I have been an artist most of my life. Like a piece of my art, my body tells a story. My story is drawn on my face, it’s been stamped on my arms and legs. My hands are pieces of art by themselves.
My entire life, people have been asking me “What happened to you?”
As a little girl, I would explain my scars— without much detail, I’d just simply say that I was sick when I was a baby. It was usually my mother that had the courage to explain why I had missing fingers or why I limped. Or why my face had scars. It wasn’t until I had become a mother myself that I learned how much my mother had been through for me. Having a family helped me see that telling our story could make a difference in other parent’s lives— maybe even save people’s lives.
What happened to me?
I had meningococcal disease. I rarely call it “meningococcal disease” because people draw blank stares when I say it. It’s also known as bacterial meningitis, but even then not a lot of people know much about it. My mom had taken me for baby photos the day before the word meningitis was introduced to my family. We still have the photo— a chubby, happy, healthy 9 month old baby posing for a very 70’s styled baby picture. That picture tells a thousand words now. The day after taking that photo, I was hanging on for my life. One minute, I was a healthy baby and within 24 hours I was the sickest baby in the hospital. Meningitis struck fast.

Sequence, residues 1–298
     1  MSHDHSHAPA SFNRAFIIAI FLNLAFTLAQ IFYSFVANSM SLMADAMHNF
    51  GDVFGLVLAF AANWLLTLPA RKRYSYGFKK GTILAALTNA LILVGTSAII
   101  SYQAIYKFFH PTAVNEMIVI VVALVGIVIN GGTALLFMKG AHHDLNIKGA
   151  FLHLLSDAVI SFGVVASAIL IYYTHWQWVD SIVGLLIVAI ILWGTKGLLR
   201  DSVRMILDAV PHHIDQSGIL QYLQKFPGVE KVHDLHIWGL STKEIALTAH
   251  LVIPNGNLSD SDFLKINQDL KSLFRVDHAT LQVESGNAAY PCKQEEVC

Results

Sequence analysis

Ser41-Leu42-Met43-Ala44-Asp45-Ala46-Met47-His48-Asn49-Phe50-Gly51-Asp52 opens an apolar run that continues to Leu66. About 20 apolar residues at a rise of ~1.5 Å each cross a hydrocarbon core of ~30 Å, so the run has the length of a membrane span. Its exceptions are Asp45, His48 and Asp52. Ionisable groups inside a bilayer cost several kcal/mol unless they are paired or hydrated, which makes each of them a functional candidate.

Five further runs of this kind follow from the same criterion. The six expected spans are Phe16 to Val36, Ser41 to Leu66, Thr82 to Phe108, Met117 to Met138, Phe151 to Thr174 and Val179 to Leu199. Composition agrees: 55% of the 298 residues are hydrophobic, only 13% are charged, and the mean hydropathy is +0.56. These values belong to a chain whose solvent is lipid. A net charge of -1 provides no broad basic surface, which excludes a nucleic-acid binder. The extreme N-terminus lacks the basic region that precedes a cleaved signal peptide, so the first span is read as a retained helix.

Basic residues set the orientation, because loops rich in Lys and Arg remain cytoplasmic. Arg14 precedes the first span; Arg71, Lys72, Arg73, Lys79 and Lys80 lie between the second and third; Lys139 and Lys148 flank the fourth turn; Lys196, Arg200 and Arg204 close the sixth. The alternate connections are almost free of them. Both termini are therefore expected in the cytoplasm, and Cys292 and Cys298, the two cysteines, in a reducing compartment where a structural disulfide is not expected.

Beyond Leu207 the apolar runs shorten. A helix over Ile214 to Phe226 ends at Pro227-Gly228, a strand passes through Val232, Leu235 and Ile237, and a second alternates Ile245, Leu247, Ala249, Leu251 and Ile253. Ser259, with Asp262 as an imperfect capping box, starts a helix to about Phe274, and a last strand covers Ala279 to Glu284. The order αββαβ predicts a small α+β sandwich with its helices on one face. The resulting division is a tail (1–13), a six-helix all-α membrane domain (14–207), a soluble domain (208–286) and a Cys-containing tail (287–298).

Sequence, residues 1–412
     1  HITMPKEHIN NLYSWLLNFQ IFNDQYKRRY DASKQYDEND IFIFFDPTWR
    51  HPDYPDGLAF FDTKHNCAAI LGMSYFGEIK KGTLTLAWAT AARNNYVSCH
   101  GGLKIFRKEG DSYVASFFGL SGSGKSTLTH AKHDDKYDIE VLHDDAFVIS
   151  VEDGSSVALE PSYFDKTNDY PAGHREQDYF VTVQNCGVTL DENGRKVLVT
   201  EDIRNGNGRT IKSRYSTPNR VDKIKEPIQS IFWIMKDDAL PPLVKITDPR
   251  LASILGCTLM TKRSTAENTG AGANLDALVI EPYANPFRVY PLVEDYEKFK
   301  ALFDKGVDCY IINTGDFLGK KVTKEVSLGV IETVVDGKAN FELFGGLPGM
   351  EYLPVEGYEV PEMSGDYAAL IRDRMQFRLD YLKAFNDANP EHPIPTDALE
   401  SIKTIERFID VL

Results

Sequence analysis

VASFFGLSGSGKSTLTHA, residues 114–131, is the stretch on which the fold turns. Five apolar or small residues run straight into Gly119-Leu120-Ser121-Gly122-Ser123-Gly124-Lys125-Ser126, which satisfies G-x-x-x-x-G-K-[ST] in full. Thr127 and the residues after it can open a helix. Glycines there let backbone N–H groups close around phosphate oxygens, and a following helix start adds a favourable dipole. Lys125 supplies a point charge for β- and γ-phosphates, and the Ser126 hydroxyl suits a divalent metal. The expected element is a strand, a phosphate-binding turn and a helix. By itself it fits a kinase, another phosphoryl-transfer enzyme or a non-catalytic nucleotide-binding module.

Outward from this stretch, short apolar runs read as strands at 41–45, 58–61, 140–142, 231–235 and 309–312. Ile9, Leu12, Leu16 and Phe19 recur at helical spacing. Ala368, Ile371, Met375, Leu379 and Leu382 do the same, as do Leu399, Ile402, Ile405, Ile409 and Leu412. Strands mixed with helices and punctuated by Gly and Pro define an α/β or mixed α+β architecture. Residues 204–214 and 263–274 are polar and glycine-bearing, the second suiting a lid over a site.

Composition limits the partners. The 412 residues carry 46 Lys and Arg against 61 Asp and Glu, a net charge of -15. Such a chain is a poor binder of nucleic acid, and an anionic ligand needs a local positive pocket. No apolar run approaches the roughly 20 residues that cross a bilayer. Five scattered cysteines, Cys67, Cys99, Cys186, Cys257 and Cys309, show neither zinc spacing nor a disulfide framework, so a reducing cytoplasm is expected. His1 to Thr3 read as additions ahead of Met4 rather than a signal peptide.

My symptoms started like a teething baby with a fever, but within hours the fever worsened and I had a weird purplish spot that appeared on my arm. It was time to go to the hospital. Turns out, the appearance of that weird “spot” was what saved my life. That’s “the rash” one of the dangerous signs of meningococcal disease. The disease ripped through my infant body fast. As I hung on for life, a team of doctors worked hard to save my arms and legs, even parts of my face. The hospital would become a place that I would be very familiar with for the rest of my life. Meningitis left my body covered in scars. I lost half of my right foot, I lost parts of my fingers, and my face has undergone over 25 reconstructive surgeries to correct the damage from the disease.
Recovery from meningitis was not easy, but the healing from many surgeries lead me to be the artist I am today.
As a little girl recovering from surgery, I would pass time by drawing. My hands were not perfect, but creating art was something that came easy to me. My meningitis surgeries, my hospital visits and artwork have followed me much of my life. I knew that creating artwork with missing fingers made me a bit different, but I had no idea that my art would someday give my scars a voice to help parents and I could use my art as a platform to educate others.
I feel like every person needs a moment in their life that defines who they are, mine came to me when I became a new mother.
Sadly, my introduction into motherhood wasn’t the best. My husband and I lost our first baby at 2 days old. There I was leaving the hospital yet again in my life, but this time being strong for myself and my husband. My heart changed the day I became a mother and my courage grew. I heard my entire life that it was a miracle I survived a deadly disease as a baby. Although our loss was not related to a disease, nothing became more important to me than to spare other parents heartache.
Today, we have two adorably wild little boys— that I am happy to report have been vaccinated to protect them from meningococcal disease. I am a professional artist and a spokesperson with the National Meningitis Association. I proudly use my artwork as a platform to speak out about the dangers of bacterial meningitis and to educate other parents about the importance of vaccination.